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Thinking Out Loud and Louder

by Jon Jewettvia Policy Review
Monday, April 1, 2002

Jon Jewett on Public Intellectuals: A Study in Decline by Richard A. Posner

The Wellness Gospel and the Future of Faith

by Ronald W. Dworkinvia Policy Review
Monday, April 1, 2002

Medicalizing spirituality hurts both religion and medicine

FOR RICHER OR POORER: The Marriage Problem

with James Q. Wilson, Irwin Garfinkelvia Uncommon Knowledge
Monday, April 1, 2002

Study after study has shown that married people are healthier and wealthier than unmarried people and that children raised in two-parent homes are generally more successful in life than those who aren't. And yet, according to the U.S. Census, about half of all first marriages end in divorce. Additionally, since 1960 the percentage of children born out of wedlock has grown from single digits to 20 percent. What is going on? Is the decline in marriage a symptom of underlying cultural problems in modern America? Or is it misguided to focus on marriage rather than on the economic problems facing all low-income families, whether married or not?

Analysis and Commentary

Have New York City Children Been Saved?

by Eric Hanushekvia Hoover Daily Report
Monday, March 25, 2002

If the schools are not currently up to standards, how can the courts or legislatures remedy the situation?

Crony Capitalism and Economic Growth in Latin America: Theory and Evidence
Books

Crony Capitalism and Economic Growth in Latin America: Theory and Evidence

by Stephen Habervia Hoover Institution Press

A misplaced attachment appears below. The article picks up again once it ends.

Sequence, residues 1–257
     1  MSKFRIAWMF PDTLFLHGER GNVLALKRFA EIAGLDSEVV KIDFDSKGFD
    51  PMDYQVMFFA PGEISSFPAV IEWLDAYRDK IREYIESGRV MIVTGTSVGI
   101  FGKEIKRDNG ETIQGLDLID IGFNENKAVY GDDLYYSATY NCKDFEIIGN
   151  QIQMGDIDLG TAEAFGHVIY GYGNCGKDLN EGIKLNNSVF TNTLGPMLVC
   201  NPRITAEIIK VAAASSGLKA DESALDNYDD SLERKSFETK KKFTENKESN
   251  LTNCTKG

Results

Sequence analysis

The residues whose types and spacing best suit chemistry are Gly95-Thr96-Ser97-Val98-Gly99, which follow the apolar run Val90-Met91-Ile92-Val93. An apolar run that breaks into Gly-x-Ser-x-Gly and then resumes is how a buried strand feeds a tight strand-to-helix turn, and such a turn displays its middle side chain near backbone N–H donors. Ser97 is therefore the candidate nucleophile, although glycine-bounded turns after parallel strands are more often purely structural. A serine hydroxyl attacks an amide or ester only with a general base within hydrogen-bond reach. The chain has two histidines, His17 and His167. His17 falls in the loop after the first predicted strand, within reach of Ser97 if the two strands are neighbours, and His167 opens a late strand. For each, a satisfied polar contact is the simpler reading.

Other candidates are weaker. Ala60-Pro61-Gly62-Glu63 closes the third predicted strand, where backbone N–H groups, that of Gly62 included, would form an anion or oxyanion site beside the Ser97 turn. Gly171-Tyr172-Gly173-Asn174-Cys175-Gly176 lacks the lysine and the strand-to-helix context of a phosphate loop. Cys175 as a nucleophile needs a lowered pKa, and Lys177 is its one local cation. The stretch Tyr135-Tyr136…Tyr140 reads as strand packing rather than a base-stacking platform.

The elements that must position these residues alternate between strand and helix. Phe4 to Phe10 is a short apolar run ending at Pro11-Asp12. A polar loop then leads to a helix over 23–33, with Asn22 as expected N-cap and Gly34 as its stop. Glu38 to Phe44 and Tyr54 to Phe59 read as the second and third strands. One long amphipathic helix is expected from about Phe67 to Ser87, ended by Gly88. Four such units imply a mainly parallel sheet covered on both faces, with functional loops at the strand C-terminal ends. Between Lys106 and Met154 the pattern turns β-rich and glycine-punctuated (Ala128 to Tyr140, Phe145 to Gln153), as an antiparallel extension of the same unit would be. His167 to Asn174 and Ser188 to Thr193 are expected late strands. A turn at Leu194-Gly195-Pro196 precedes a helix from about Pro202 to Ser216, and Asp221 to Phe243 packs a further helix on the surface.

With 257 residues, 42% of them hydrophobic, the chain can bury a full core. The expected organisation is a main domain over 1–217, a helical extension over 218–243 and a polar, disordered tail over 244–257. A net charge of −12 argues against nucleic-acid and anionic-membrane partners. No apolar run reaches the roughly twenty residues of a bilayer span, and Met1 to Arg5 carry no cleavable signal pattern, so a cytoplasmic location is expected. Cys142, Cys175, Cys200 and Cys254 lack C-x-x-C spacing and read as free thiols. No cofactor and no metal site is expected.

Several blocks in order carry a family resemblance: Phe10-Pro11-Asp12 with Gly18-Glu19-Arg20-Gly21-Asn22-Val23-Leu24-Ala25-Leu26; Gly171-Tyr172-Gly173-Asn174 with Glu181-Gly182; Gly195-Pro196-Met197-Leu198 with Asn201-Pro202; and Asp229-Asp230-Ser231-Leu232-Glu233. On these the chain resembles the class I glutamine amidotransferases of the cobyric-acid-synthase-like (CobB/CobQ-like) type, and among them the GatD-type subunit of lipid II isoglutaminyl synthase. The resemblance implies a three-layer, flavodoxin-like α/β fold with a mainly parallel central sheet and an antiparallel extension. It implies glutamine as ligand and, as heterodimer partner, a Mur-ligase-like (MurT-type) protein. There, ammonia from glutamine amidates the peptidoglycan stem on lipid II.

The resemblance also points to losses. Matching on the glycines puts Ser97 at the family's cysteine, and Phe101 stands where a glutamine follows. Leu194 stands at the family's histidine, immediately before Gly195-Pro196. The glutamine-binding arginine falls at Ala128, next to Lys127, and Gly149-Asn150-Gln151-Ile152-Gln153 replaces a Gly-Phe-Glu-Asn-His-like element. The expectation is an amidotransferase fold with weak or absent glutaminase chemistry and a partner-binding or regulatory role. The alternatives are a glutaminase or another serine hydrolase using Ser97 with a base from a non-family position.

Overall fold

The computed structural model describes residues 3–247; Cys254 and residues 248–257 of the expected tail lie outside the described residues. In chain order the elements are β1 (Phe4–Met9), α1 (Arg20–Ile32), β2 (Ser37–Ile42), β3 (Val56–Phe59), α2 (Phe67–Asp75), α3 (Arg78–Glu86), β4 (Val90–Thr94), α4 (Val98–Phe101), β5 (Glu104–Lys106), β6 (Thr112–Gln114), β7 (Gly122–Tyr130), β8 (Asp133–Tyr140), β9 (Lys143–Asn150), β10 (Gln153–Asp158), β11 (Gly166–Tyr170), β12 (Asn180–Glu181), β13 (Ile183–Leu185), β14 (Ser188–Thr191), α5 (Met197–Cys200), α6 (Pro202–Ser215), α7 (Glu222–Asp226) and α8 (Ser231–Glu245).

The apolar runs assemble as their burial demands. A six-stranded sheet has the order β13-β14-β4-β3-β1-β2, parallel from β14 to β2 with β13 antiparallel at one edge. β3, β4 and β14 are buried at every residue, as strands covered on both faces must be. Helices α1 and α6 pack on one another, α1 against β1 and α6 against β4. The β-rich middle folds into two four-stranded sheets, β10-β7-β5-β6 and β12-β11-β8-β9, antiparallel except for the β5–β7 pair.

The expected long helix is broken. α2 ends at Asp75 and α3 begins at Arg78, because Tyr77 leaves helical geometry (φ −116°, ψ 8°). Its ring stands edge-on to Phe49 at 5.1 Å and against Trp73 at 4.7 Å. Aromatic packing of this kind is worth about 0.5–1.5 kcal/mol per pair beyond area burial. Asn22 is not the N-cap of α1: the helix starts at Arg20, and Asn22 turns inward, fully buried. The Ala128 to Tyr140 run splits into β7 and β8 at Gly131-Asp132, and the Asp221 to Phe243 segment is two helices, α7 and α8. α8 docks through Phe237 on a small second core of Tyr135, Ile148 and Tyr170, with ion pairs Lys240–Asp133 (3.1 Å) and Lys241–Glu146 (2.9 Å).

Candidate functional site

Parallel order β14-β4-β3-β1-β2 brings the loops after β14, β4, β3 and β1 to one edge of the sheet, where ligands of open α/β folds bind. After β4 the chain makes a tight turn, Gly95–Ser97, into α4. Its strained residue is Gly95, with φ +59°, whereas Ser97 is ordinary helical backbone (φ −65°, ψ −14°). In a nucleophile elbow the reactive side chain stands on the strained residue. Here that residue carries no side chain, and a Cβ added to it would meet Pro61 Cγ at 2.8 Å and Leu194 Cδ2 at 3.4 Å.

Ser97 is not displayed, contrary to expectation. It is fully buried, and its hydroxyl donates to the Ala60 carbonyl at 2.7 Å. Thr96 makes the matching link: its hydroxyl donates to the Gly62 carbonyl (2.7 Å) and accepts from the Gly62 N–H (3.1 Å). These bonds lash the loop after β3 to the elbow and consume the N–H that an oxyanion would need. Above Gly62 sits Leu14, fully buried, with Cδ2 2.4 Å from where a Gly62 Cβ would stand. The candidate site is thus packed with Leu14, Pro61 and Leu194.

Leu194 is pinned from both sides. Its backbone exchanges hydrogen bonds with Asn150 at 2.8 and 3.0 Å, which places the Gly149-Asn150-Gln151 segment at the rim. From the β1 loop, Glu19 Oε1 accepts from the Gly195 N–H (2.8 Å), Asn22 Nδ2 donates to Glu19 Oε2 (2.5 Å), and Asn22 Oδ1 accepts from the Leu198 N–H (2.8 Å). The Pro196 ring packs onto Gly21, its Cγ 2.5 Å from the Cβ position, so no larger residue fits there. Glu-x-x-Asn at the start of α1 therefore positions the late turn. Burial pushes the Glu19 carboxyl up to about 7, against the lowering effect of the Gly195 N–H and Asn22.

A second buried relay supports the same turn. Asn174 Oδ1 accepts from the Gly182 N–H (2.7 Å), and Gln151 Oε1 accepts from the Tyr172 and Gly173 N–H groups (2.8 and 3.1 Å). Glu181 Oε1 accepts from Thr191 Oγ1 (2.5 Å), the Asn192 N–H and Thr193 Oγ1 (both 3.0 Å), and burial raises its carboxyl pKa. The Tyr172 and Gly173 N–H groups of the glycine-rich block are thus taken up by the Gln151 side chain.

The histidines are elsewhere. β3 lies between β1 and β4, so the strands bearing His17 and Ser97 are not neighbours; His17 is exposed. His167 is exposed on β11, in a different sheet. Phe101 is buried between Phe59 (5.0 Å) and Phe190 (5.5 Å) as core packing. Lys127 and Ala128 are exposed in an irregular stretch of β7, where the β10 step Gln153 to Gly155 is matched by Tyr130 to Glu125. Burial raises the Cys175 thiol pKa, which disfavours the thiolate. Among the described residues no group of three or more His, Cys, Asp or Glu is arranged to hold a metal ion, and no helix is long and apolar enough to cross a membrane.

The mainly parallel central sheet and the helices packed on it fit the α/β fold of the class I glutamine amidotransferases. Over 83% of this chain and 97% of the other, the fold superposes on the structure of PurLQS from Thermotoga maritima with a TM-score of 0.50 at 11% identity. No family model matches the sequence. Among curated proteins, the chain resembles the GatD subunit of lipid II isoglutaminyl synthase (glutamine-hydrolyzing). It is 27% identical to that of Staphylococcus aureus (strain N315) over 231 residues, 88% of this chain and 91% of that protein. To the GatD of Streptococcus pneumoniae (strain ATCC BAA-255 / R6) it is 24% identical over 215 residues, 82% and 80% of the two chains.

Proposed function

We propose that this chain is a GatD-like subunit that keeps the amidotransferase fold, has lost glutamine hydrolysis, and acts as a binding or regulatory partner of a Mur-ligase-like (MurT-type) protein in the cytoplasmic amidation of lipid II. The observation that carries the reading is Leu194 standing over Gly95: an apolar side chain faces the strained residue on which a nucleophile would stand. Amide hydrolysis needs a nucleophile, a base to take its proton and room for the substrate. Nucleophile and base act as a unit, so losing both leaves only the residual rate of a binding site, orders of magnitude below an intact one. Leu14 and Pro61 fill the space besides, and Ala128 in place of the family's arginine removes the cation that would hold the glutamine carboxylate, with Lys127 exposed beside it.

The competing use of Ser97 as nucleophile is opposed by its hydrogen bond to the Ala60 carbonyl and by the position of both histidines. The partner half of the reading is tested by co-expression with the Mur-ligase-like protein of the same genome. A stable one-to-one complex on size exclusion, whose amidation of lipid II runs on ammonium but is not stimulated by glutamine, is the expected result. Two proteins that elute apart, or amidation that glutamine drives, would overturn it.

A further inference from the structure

Friday, March 15, 2002

Crony capitalism systems—in which those close to political policymakers receive favors allowing them to earn returns far above market value—are a fundamental feature of the economies of Latin America.

STRENGTH IN NUMBERS: Race and the Census

with Ward Connerly, Ramona E. Douglassvia Uncommon Knowledge
Friday, February 22, 2002

Should the U.S. Census stop collecting racial and ethnic data? The 2000 census asked Americans to identify themselves according to 126 possible racial and ethnic categories, up from just 5 categories in 1990. Movements are now afoot to add even more racial categories to the 2010 census. Does the collection of all these data stand in the way of the creation of a truly color-blind society? Should we drop questions of race from the census and other government forms? Or are these data critical tools in the ongoing fight to end inequality and discrimination?

Analysis and Commentary

Crime Statistics—the Only Game in Town

by Joseph D. McNamaravia Hoover Daily Report
Monday, February 18, 2002

No official order was ever given to underreport or not report crimes that weren't cleared, but an officer following the rulebook would soon find out from his sergeant that he had an attitude.

China's America Problem

by Ying Mavia Policy Review
Friday, February 1, 2002

As Chinese nationalism rises, so does anti-Americanism

Getting Along

by Elizabeth Arensvia Policy Review
Friday, February 1, 2002

Elizabeth Arens on Two Faces of Liberalism by John Gray

Do Kids Need Government Censors?

by Rhoda Rabkinvia Policy Review
Friday, February 1, 2002

Self-regulation is a better solution

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Virtues Task Force